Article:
Fast: On the morning of Monday, August 29, just after Katrina had made landfall and the storm was passing through Louisiana and Mississippi, the Group offered its logistics services to area relief agencies. These included helicopter services from Amelia, La., a base which was not too adversely affected by the storm. Later that week, we also offered our supply boat to take materials from staging areas to relief zones. The Group also allowed employees to take time off to support these efforts, whether it was helping co-workers or family members impacted by the storm, or volunteering with relief agencies supporting victims. This initiative is ongoing, and teams continue to muster and focus efforts for particular aspects of Katrina relief, e.g., volunteer work at collection centers, food banks, etc. Coinciding with the in-kind contributions of supply and logistics services, the Group contributed U.S.$500,000 to local relief agencies and announced to all staff that it will match employee contributions as well.

Editor: Tell us what your corporation plans to do to meet the longer-range needs of the victims.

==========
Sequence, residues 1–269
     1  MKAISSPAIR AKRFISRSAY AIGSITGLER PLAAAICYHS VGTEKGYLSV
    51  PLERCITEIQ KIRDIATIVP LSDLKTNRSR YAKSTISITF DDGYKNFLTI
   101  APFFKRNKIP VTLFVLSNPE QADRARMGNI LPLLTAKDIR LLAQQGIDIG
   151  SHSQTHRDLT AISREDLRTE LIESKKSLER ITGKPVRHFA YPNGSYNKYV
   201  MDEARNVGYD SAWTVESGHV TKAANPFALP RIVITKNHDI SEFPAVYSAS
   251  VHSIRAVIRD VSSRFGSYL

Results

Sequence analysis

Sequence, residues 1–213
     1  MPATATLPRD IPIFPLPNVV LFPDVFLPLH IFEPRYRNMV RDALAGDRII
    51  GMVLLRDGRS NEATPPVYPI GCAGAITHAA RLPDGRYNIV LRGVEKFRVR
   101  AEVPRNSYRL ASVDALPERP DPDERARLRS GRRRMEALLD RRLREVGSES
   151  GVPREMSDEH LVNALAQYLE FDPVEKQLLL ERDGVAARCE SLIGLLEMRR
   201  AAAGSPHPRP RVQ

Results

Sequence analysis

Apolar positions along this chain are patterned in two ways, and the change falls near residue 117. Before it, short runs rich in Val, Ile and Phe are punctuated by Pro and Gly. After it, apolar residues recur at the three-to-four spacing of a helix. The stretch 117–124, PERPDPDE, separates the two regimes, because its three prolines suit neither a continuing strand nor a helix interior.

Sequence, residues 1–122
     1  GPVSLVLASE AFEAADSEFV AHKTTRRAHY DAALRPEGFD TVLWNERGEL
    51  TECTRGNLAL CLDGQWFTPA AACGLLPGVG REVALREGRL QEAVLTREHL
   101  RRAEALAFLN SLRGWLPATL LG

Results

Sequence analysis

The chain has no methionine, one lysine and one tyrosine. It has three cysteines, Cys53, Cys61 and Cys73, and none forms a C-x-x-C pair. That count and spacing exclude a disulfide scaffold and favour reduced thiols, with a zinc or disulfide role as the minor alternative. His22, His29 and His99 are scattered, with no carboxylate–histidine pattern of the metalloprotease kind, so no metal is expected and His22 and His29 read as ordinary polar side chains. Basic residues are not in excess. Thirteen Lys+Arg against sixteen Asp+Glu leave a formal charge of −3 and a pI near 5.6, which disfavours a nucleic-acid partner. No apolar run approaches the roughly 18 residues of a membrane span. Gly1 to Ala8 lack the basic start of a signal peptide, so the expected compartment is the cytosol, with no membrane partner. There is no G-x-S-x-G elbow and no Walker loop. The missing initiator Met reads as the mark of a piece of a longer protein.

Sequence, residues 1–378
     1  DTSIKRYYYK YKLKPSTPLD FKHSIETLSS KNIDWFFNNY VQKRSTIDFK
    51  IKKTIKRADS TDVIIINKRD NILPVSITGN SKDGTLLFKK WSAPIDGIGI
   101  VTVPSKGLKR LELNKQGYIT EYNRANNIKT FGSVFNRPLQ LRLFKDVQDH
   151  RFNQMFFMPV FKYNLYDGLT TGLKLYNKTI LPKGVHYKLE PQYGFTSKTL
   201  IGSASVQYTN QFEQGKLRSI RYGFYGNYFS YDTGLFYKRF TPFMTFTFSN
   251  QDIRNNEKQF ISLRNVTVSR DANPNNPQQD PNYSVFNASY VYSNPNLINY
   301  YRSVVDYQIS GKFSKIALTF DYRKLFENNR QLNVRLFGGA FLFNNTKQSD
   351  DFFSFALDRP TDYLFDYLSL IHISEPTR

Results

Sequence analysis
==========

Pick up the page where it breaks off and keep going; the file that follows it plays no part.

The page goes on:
Fast: In the Houston office, a Katrina Relief Committee was formed to capture specific needs of affected co-workers, to identify wider community needs, and provide targeted assistance in partnership with relief agencies and to specific shelters. This is really an off-shoot of the Group's community engagement practice, as outlined in BHP Billiton's Charter. As you may be aware, the situation in Houston has been very dynamic. On September 1, up to 25,000 evacuees were housed in the Astrodome, and the Group was readying staff to support various efforts to help them. But only a week later fewer than 2,500 remained and the outpouring of volunteers and material goods exceeded expectations, such that shelters advised to "hold onto your material donations." The Group's matching contribution campaign will last three months, and teams continue to work with agencies to identify areas in which its resources and those of its employees and contractors can have a significant impact. It might be worth noting here that the Group held a collection drive for the local food bank in June, ahead of the hurricane season, recognizing that this is an agency which supplies shelters when the need arises later in the year. This initiative will be an annual event to pro-actively support disaster relief efforts.